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Jewellery by Artists: From Picasso to Koons, an exhibition organised by the culture and art portal

Insider's view · Europe · hungary · Budapest

Insider: Zsuzsa Bakonyi


Insider: Zsuzsa Bakonyi

A perfect bohemian-artsy day in Budapest

Zsuzsa Bakonyi is a tour guide and online manager at budapestUNDERGUIDE, and also a freelance photographer. She joined budapestUNDERGUIDE ( a few years ago and has increasingly fallen in love with the company. budapestUNDERGUIDE makes travelers feel as if they have come to visit a friend - they really get to know the little secrets and stories hidden around the corners. This is the future - what is known as "responsible traveling" (traveling to learn and grow, and to maximize the positive impact on both the locals and your life).

Zsuzsa is also a freelance photographer ( who searches for abstract beauty in everything, and tries to capture the essence of places, people and moments. Check out her pictures of Budapest, which beautifully embody the melancholy of this gorgeous city. This time, we asked her to share the secrets of Budapest's contemporary art scene.

"A perfect bohemian-artsy day in Budapest? Nothing is easier than that. Let me give you a glimpse into the Contemporary Art Pulse Tour (, which I have guided several times!"

Budapest is not New York, nor Paris, nor Berlin - we have to admit this. So back off with any high expectations of a metropolitan, high-end art life, and tune in to a different sort of vibe. Prepare for surprises: a bar in ruins, where the decorations ARE the exhibition; hidden galleries that only open if you call them; and space invaders hiding in the concrete!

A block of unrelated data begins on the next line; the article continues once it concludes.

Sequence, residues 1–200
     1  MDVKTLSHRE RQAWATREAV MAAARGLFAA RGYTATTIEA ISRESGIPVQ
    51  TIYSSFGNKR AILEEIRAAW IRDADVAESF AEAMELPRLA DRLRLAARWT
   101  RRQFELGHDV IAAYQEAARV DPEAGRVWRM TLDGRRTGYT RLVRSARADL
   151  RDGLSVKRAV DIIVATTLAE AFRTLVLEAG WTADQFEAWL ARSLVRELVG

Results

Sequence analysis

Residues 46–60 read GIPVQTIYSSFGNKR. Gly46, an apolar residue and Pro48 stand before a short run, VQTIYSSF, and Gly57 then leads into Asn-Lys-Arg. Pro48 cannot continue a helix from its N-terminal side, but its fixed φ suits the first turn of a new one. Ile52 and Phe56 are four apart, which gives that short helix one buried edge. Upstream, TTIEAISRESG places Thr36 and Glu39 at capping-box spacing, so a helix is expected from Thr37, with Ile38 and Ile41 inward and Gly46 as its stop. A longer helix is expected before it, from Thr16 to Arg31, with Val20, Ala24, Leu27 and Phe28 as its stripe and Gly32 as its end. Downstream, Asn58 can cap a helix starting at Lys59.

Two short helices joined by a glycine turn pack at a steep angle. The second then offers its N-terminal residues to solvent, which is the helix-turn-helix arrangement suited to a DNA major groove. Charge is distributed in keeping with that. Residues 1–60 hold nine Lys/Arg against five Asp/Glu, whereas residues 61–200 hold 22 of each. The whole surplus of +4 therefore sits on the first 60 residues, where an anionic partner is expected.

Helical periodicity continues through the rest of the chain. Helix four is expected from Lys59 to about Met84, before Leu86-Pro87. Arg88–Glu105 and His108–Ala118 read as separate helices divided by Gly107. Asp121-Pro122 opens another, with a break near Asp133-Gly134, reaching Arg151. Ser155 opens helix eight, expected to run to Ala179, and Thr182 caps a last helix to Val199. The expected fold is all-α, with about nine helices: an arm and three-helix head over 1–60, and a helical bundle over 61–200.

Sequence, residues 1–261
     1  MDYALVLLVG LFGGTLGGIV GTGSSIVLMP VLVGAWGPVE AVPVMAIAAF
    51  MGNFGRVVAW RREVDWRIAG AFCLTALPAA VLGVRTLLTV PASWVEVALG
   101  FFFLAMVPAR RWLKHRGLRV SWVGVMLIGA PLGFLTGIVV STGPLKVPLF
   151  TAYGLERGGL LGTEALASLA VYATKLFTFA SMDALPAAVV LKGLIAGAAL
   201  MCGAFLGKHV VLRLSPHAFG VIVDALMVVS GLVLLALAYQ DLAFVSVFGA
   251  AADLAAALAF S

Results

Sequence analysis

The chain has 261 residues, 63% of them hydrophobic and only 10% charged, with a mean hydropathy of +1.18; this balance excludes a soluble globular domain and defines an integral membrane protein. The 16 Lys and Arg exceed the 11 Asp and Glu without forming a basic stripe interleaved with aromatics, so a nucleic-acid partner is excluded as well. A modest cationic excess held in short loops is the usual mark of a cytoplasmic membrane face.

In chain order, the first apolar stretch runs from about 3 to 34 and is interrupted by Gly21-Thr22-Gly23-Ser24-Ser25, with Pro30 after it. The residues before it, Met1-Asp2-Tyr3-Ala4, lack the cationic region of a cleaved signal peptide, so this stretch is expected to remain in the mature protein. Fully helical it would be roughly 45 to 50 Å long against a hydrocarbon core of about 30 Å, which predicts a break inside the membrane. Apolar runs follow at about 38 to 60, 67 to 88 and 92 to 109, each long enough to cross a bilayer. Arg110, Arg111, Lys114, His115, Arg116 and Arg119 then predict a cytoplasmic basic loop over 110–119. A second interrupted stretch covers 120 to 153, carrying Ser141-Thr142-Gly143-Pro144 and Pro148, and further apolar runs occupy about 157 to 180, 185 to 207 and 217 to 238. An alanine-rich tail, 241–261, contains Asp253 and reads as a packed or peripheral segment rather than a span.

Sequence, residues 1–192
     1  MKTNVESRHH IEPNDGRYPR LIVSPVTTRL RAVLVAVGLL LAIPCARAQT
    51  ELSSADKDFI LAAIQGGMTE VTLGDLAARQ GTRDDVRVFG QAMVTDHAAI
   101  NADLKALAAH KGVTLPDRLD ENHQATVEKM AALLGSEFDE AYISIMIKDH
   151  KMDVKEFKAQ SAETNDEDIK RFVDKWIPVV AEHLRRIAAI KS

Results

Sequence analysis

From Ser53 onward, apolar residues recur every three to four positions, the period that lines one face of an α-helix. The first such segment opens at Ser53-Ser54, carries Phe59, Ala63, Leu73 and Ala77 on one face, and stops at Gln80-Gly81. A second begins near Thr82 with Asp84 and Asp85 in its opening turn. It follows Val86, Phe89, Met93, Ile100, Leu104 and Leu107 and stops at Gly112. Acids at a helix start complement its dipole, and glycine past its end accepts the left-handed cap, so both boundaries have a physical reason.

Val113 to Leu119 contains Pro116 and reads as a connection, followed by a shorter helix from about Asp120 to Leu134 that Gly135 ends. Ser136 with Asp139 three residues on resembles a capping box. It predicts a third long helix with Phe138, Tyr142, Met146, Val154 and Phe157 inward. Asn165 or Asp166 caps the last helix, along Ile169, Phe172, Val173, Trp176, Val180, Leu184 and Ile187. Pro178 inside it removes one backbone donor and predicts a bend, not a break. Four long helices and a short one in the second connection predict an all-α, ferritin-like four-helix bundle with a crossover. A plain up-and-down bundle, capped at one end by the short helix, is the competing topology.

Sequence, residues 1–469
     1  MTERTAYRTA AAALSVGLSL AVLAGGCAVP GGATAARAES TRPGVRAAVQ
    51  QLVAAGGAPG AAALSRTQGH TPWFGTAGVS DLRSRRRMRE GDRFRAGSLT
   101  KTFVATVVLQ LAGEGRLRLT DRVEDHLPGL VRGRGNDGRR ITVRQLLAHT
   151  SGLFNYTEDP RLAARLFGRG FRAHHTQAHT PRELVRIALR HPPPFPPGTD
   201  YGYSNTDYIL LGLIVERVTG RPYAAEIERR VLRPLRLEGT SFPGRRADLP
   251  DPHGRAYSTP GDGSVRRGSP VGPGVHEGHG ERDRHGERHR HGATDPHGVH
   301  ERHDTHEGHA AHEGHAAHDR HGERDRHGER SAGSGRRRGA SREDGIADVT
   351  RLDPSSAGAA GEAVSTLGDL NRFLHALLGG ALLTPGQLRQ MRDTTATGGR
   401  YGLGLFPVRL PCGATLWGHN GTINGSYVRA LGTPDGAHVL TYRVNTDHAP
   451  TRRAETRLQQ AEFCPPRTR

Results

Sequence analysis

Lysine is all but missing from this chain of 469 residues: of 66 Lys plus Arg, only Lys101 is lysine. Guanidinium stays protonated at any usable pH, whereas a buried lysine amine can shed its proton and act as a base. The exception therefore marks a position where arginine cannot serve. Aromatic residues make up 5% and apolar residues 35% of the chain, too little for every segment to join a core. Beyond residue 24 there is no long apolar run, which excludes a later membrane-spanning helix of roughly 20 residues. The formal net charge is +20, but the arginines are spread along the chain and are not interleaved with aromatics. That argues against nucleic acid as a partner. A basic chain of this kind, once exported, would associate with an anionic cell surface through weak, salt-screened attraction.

Palace of Art

First of all, start your day with a nice coffee and breakfast at the Palace of Art. Yes, we're starting at the fanciest art place in Budapest. It is a huge multi-functional art complex, housing concerts, theatre plays and the best contemporary exhibitions in town. You do not even have to pay to enjoy art here - just wander around the building built by Hungarian architects who have created a true masterpiece. Try to ask one of the hostesses if they offer a free guided tour - it can happen sometimes. The concert hall was designed by the world-famous Russell Johnson, and has one of the best acoustics in the world.
Three floors are occupied by the Ludwig Museum, housing the yummiest contemporary exhibitions in Budapest. Usually, you'll see work by famous Hungarian artists or artists of Hungarian origin, as well as art related to this region - the former Eastern Block, so to say.


Once you've finished here, stroll along the Danube and air out your head a bit. Just like eating cheese between tastings of good red wines, you will need all your senses ready and prepared for more art. Lumen Gallery and Café ( is situated in the most Mediterranean square of Budapest; it serves exquisite coffee, and also has unique photo shows on view in their tiny, stylish space. Not far from Lumen, you'll find interesting shops and other artsy cafés, so go on discovering!


Not too far from Lumen, on the 3rd floor of an old, socialist-era department store, you'll find a very interesting venue: MÜSZI ( It is very new, so it will most likely still be evolving in the next months and years. The aim of MÜSZI is to establish a contemporary community venue and cultural node. I recommend checking out their web-page to see what their current project is, and then giving them a visit.

The Jewish district comes to life in the afternoon hours, so I recommend going there a little bit later. It is a district full of history, bars and art, so keep your eyes peeled! You can find murals, stencils and other hidden street art, like the space invader ( in one of the cobbled stones on Klauzál Square, on Nagydiófa utca. Try to step on it, or around it, and it will light up.

Ruin Pubs. Photo:

Odes have been sung to the "ruin" bars of Budapest - they have become a landmark of the city and the Jewish district. You will visit them, and you will love them - there is no doubt about that. However, do not lose your art appetite amongst all of the beers and nice chats, since these places have a lot more to offer than just a cool, designed trash-furniture style in a super-hip, yet underground, hang-out! A lot of these ruin bars have been opened by artists' communities and they play an important role in Budapest's cultural scene.


Fogasház ( houses a Lomography shop and an exhibition room for Lomo lovers, and the building's many rooms are usually crammed full of paintings, photos or installations done by local artists. They might be assumed to be just interior decorations, but they are actually temporary art exhibits that are changed every two weeks.

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